As an individual who has built her family through adoption, this also really makes my blood boil. No one “gave up” my child. Instead, an educated decision was made to place her in our care for a variety of reasons. Saying “gave up” infers that someone didn’t consider the child’s well-being, which is so far from the truth, it’s unreal. 

So what should you say instead? You should say what really happened. Birth families make an adoption plan for their children. They don’t give anyone away. For those of us involved in the adoption triad, saying anything else is hurtful. 

In my own opinion, when I hear someone say this, I’m so off-put and frustrated by their lack of education when it comes to adoption and adoption language, that my first response is to distance myself from them. My daughter hasn’t heard this phrase to my knowledge and honestly, I hope she never does. People that can’t (or in some very sad instances, won’t) use the correct terminology are not those that I want around my child. 

Yes, I could correct these people, and believe me, I do, but remember that it is not the responsibility of those in the adoption triad to ensure that you and your child speak appropriately about adoption. This is something you should take the time to read more about yourself. 

Preparing your Children for Conversations that are important

Depending on your child’s age, they may not be as open or accepting of these conversations. Little kids may be fine having them unless the reason you’re having this chat is because that child has gotten in trouble for saying the incorrect terminology or have been accused of bullying. If this is the case, you may want to take a beat before jumping right in to a time when they are more receptive.

Again, I haven’t had these conversations, but I have had to talk with my daughter to ensure that she understands certain things from divorce to the abilities of children in her classroom. We talk about it more informally, while we are playing with play-dough, building with legos, etc. I find that if her hands are occupied, she’s more likely to listen, but each child is different. 

However you have the conversation, ensuring that kids know that this is important is also critical. You know best how your children communicate with you and what methods will work the best!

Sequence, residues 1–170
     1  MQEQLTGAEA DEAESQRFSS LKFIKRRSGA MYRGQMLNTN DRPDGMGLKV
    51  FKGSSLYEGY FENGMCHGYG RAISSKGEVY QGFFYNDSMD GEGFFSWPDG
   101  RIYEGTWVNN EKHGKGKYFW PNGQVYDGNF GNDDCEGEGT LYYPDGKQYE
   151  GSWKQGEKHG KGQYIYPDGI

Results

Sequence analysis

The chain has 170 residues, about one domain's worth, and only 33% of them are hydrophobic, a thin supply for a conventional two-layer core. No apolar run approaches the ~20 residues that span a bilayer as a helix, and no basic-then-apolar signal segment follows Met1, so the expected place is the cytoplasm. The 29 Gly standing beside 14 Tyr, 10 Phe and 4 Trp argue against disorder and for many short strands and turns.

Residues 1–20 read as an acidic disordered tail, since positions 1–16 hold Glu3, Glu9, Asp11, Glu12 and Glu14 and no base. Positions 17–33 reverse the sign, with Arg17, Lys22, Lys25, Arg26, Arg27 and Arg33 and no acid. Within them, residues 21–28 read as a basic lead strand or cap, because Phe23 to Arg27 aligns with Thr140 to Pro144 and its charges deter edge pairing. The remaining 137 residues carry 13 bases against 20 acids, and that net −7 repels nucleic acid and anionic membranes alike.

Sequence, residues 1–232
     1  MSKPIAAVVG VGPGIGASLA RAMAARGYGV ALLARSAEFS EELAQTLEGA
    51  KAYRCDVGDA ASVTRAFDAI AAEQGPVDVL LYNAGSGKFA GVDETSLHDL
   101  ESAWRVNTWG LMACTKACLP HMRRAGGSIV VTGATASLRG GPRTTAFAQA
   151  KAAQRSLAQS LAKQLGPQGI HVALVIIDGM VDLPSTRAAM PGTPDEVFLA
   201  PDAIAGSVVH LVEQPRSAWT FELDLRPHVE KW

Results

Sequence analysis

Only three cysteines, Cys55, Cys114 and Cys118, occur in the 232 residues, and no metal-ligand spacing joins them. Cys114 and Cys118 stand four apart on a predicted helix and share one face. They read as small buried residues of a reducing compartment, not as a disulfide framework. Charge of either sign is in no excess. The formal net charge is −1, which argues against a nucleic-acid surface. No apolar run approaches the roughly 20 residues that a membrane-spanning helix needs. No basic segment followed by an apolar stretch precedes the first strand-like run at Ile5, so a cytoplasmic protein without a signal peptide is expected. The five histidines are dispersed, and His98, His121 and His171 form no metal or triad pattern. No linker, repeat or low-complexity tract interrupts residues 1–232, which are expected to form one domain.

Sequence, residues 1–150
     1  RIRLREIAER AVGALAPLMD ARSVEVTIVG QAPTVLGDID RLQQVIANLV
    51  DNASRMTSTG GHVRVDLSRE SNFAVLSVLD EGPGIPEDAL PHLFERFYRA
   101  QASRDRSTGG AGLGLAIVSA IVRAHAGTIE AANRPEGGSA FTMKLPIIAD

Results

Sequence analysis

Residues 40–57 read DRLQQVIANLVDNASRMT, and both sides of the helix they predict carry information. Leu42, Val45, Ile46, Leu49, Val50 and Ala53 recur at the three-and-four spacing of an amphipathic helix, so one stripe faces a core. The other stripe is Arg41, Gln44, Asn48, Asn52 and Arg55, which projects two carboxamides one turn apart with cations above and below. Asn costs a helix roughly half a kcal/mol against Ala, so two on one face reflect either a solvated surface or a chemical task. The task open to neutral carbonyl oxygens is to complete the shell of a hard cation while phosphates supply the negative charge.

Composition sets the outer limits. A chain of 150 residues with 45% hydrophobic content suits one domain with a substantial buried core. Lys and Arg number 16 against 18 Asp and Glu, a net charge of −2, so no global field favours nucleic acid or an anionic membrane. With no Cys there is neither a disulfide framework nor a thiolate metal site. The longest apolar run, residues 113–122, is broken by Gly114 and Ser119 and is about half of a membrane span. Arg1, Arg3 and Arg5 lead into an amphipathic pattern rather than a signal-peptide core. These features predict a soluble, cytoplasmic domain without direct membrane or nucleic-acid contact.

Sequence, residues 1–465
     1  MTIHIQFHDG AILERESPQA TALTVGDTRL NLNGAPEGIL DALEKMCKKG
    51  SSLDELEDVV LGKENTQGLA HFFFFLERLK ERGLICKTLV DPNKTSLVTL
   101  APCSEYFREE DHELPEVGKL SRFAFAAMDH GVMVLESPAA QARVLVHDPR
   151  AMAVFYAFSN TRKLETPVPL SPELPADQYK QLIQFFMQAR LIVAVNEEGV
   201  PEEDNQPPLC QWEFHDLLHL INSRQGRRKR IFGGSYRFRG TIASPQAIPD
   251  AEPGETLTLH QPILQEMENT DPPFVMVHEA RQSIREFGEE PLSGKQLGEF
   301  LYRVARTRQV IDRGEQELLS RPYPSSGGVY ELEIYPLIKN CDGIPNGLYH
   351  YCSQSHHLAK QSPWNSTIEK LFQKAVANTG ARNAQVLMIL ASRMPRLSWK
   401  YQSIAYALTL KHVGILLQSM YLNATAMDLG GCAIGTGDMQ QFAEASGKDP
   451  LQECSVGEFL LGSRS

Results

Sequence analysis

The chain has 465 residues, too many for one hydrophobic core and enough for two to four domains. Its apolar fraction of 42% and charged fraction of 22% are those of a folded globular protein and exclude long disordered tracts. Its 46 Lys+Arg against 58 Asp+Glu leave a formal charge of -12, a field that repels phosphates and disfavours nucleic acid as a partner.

Older children should be more receptive to just sit down and have a conversation. However, don’t wait to teach your kids the correct terminology. I worry that many adults may be waiting until their child has already hurt another person to chat about this. Kids who are reading can always read the guides listed in the resources below on their own and you can speak with them afterward to answer any questions. 

Turn to Resources when You Need Help

As I previously stated, people you know who are a part of the adoption triad are a resource if they have offered to speak with you about this. However, if they haven’t, it’s probably best to do something on your own to learn. The guides below can help you immensely. 

Positive Adoption Language Guide

Respectful Adoption Language

Thank you for reading this article and taking the time to educate yourself so that you are better equipped to have these conversations with your children. That alone is a step in the right direction. If you’re at a loss and don’t feel like the tactics described are working, this is also something where you might reach out to another trusted adult, teacher, doctor, etc. to help you chat about these things with your child. As I mentioned, every child is different. Every scenario is different, but the reality remains that kids need to know certain things, and a lot of the time, it coming from you early on will make all the difference!

Julia K. Porter

Julia K. Porter is an educator, writer, and cultural competency consultant. She began her career as a high school English teacher in Brooklyn, NY, and has taught college courses since 2008 and has done nonprofit work. Currently, she is the project manager for Celebrating Cultural uniqueness at Tiffin University.